Species composition and growth-temperature characteristics of coliforms isolated from several types of environmental samples were investigated. It was possible to divide these isolates into eight distinct groups, six species groups and two unidentified, on the basis of their biochemical properties. The isolates included in the unidentified groups, giving IMViC reactions of --++ and -+-+, were tentatively termed "typical psychrotrophic coliform (TPC)" bacteria because of their ability to grow at 1°. The TPC bacteria and Citrobacter freundii constituted the normal coliform flora of mountain soil and stream water samples. In contrast, Escherichia coli and Klebsiella pneumoniae were major predominant coliforms in polluted river water and sewage samples, the former being most common in human feces samples. In testing the growth response at different temperatures, the isolates of E. coli and the TPC bacteria showed relatively constant temperature preferences regardless of origin, whereas those of other coliform members gave varied results dependent upon their sources. The results provided circumstantial evidence that population densities of coliforms able to grow in EC broth at 43° and above but not in ordinary nutrient broth at 5° within 7 days of incubation in the environment are directly proportional to the degree of potential fecal contamination.
Four strains, representative of an undescribed species of Pichia, have been recovered from insect infestations of Euphorbia ingens in South Africa. A description of the new species, Pichia kodamae, is given. The type strain of Pichia kodamae was found not to hybridize with strains of Pichia pini, Pichia methanolica and Pichia cellobiosa.
Although Serratia marcescens has been reported to possess pili, little attention has been given to the role of the pill in this organism. This piliated bacterium agglutinates human and chicken erythrocytes, and the activity is inhibited by α-D-mannose. The degree of piliation, induced by shaking or static culture conditions, correlate with the hemagglutination activity. S. marcescens depiliated by UV irradiation failed to agglutinate erythrocytes. The possible role of pili as an important virulence factor in promoting adherence to host cells was studied by investigating the ability of piliated S. marcescens to attach to buccal epithelial cells. Results showed that S. marcescens attached to human buccal epithelial cells and that adherence is associated with the presence of common type-1 pili on their surfaces.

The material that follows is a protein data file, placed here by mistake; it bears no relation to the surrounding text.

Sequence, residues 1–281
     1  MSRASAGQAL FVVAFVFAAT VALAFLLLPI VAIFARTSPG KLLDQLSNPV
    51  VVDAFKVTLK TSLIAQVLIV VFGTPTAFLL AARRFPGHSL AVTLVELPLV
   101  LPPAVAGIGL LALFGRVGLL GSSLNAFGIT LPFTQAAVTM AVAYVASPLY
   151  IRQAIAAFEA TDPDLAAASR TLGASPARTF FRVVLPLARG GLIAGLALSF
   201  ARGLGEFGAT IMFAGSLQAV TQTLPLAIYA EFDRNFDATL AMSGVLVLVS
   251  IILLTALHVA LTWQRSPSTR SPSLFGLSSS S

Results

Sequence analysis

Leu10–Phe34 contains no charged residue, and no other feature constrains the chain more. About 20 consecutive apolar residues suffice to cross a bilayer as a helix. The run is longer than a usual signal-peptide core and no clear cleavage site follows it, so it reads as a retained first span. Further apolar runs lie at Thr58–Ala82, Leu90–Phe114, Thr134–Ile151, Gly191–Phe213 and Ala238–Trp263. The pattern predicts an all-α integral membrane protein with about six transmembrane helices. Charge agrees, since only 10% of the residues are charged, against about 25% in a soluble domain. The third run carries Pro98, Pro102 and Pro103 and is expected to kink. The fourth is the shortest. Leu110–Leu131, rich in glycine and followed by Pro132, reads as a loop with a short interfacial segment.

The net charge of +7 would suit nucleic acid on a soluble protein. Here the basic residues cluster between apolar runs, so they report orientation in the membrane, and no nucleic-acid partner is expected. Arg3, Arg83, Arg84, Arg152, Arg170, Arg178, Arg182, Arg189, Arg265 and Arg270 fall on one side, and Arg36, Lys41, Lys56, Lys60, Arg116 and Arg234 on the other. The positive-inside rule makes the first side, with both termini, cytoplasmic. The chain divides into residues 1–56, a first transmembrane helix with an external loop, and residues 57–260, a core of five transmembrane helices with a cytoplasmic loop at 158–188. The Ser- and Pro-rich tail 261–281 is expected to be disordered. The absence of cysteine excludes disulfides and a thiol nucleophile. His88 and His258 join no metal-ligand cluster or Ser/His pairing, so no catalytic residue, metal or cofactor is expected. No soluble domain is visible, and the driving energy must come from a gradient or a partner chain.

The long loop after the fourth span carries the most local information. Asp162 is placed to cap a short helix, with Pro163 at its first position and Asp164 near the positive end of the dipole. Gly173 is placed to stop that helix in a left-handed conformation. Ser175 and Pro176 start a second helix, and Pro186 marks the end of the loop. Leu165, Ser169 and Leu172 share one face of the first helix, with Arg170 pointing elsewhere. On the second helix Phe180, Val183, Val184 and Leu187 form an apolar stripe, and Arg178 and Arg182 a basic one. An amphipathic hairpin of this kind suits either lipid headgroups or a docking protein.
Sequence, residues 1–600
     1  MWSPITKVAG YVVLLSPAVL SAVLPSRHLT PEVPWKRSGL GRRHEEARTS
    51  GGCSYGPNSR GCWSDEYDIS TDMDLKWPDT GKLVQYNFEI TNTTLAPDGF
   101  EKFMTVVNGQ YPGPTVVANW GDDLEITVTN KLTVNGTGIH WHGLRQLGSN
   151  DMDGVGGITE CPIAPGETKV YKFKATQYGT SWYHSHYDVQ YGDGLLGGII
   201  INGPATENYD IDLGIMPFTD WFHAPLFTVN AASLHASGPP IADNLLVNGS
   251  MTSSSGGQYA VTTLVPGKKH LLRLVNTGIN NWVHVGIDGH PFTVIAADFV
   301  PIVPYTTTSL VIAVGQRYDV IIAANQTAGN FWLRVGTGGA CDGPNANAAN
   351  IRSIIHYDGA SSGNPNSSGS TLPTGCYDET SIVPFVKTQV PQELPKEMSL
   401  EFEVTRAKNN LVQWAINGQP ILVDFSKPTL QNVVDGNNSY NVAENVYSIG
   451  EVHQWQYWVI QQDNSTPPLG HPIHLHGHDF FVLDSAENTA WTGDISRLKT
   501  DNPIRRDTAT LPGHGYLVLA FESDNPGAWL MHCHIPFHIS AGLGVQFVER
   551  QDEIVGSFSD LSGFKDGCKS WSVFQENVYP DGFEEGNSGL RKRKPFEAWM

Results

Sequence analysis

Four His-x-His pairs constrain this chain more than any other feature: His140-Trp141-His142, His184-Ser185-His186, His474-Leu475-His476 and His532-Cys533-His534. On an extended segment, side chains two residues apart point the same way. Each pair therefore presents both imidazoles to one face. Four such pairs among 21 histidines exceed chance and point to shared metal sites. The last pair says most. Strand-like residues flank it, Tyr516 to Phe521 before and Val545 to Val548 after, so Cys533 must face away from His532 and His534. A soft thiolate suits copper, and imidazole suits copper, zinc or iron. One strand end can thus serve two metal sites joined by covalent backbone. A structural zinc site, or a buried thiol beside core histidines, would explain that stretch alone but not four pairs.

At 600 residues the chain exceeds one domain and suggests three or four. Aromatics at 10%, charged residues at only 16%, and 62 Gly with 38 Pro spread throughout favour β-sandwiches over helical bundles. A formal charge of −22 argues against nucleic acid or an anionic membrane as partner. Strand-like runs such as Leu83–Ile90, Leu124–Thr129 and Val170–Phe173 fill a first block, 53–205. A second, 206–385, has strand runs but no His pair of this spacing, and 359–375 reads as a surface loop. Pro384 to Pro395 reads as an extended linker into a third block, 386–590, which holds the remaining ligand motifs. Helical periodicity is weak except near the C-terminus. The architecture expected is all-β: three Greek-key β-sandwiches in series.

The growth kinetics of NH4+-oxidizing bacteria and NO2--oxidizing bacteria were studied using the indirect immunofluorescent counting method. In the case of NH4+-oxidizing bacteria, the maximum specific growth rate (μmax) was 0.58 day-1 and the half saturation constant (Kg) was 200μM NH4+. Maximum specific activity (Amax) during the exponential growth phase was 6.6×10-5nmol/cell/day. From the relationship between the specific growth rate and the specific activity, the maximum growth yield (Ymax) and maintenance coefficient (m) were calculated. Ymax was 1.0×104cells/nmol NH4+ and m was 1.1×10-5 nmol/cell/day. The maintenance coefficient was about 17% of Amax. In the case of NO2--oxidizing bacteria, μmax, Kg and Amax were 0.81 Day-1, 15μM and 2.8×10-4nmol/cell/day, respectively. Ymax and m could not be calculated, since the maintenance coefficient became negative. From these results, the growth kinetics of nitrifying bacteria were discussed.
The growth of NH4+-oxidizing bacteria and NO2--oxidizing bacteria and the concentration of NO2- were measured in mixed culture systems. The growth kinetics of the above two nitrifying bacteria in the mixed cultures were as same as those in the uni-bacterial cultures (described previously). When the NO2- concentration was maintained at a constant level, the growth yields of NH4+- and NO2--oxidizing bacteria were in the ratio of about 2:1. The specific activities of NO2--oxidizing bacteria, calculated from the data of the uni-bacterial cultures and the mixed cultures, did not change linearly with the specific growth rates. It was suggested that energy spilling might occur at higher specific growth rates. The conditions under which the NO2- concentration may be maintained at a constant level were discussed.
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Edited and published by : Applied Microbiology, Molecular and Cellular Biosciences Research Foundation/Center for Academic Publications Japan Produced and listed by : TERRAPUB, Center for Academic Publications Japan/Shobi Printing Co., Ltd. (-Vol.60,No12), Center for Academic Publications Japan/InternationalAcademic Printing Co., Ltd.(-Vol.54,No1)